PARIS, May 5 (Reuters) - The French parliament gave final approval on Monday to a law prohibiting the cultivation of any variety of genetically modified maize in the European Union’s top grain producer, where a majority of people remain strongly opposed to foods based on genetically modified organisms, or GMOs.
The French Senate voted on a law already adopted by the lower house of parliament last month that banned GMO maize (corn) cultivation, even though it has been cleared at European Union level, saying it poses a risk to the environment.
“This law aims to give a legal framework to our country, to ensure that a ban is applied,” the French agriculture minister, Stephane Le Foll, told the Senate at the start of the debate.
France adopted a decree in March halting the sowing of Monsanto’s insect-resistant MON810 maize, the sole GMO crop allowed for cultivation in the European Union.
The law also applies to any strain adopted at EU level in future, including the GM variety Pioneer 1507, developed jointly by DuPont and Dow Chemical. That product might be approved by the EU executive later this year, after 19 of the 28 member states failed to gather enough votes to block it.
The Socialist government, like its conservative predecessor, has opposed growing GMOs because of public suspicion and widespread protests by environmentalists.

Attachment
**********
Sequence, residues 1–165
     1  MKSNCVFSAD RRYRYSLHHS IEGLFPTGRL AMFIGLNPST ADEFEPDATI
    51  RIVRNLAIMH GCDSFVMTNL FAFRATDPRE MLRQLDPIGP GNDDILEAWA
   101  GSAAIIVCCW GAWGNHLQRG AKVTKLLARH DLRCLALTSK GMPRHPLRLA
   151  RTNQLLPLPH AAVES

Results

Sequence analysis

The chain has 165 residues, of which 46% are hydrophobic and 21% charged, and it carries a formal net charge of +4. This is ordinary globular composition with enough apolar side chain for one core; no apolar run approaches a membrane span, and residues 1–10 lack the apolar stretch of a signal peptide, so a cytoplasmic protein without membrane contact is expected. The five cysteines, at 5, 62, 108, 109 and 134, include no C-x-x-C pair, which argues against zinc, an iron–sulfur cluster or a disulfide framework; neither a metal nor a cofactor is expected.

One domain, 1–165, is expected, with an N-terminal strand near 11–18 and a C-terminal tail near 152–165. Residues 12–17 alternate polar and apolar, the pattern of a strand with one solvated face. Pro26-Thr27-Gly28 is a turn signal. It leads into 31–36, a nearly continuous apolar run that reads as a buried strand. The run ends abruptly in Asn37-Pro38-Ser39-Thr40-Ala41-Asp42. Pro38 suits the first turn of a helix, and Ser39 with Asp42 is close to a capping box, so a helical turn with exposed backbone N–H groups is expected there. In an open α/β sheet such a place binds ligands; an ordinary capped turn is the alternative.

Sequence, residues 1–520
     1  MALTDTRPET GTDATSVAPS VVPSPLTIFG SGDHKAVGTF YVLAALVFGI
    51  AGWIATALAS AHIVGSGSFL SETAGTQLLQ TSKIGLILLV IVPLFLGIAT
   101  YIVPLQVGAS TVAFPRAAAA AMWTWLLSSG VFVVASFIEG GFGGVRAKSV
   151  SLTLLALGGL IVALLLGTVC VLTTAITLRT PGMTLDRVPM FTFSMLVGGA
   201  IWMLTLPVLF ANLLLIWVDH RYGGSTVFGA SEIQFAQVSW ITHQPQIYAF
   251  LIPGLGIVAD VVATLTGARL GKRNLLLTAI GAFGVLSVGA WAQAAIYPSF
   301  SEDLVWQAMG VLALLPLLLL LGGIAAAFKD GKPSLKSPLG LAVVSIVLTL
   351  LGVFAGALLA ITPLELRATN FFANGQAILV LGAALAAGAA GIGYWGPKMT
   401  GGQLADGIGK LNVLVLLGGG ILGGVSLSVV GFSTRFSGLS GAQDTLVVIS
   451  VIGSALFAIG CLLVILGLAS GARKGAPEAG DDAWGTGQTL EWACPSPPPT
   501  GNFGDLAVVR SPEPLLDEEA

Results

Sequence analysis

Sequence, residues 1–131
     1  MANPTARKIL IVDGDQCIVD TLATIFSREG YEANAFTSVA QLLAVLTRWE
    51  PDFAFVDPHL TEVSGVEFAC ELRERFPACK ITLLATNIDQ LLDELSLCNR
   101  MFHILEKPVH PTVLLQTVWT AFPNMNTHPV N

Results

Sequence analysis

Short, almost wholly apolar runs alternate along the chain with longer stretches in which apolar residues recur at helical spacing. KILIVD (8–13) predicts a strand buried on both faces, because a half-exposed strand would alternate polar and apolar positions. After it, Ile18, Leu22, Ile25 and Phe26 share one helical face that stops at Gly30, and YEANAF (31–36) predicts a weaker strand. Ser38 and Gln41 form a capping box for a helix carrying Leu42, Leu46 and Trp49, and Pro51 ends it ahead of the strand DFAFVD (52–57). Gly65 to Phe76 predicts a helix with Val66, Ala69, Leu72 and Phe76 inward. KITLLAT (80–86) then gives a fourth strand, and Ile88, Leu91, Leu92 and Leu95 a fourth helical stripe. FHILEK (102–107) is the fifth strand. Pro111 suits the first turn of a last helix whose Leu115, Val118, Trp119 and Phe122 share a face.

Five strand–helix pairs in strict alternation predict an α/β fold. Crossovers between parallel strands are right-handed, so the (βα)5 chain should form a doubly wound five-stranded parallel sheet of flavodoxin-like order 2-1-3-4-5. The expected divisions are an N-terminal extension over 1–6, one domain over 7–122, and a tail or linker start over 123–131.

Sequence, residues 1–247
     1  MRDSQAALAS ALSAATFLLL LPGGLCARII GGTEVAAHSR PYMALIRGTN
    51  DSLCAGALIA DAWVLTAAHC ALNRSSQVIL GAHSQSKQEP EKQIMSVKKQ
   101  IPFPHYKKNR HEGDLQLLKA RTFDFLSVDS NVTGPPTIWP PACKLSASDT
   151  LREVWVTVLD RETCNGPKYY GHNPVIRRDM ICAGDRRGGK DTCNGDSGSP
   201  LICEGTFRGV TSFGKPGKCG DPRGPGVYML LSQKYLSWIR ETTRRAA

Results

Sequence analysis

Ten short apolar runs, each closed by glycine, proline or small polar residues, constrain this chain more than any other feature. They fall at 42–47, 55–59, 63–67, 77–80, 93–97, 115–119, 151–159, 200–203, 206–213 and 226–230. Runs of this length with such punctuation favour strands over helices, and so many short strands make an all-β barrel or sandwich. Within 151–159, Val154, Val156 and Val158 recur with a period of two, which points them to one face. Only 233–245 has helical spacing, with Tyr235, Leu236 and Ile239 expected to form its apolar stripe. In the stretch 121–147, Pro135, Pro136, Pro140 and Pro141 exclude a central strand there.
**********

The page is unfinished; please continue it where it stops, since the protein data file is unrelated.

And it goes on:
On Friday, activists attacked a field in southwestern France whose owner had reported sewing the land with MON810 a few days before the decree banning it was published mid-March, the farm ministry said. Only one other farmer, using seeds bought in Spain, declared sewing GM maize this season, the ministry said.
If definitive tests, expected in the next few days, confirm initial results that these fields were sown with GMO, they will be destroyed, the ministry said.
In a separate move, France’s top administrative court on Monday rejected an emergency procedure begun by French growers to annul the decree banning MON810 maize.
Producers called on the court strike it down in substance, as it had done in 2011 and 2013, saying there was insufficient justification.
Longstanding differences between EU countries resurfaced in February when they failed to agree on whether or not to approve the GMO maize variety Pioneer 1507, leaving the way open to the EU Commission to clear it for cultivation.
The debate on the future of GMO policy is continuing at EU level, with Greece, which holds the rotating EU presidency, working on an compromise with an opt-out that would allow individual countries to ban such crops. (Reporting by Sybille de La Hamaide; Editing by Larry King)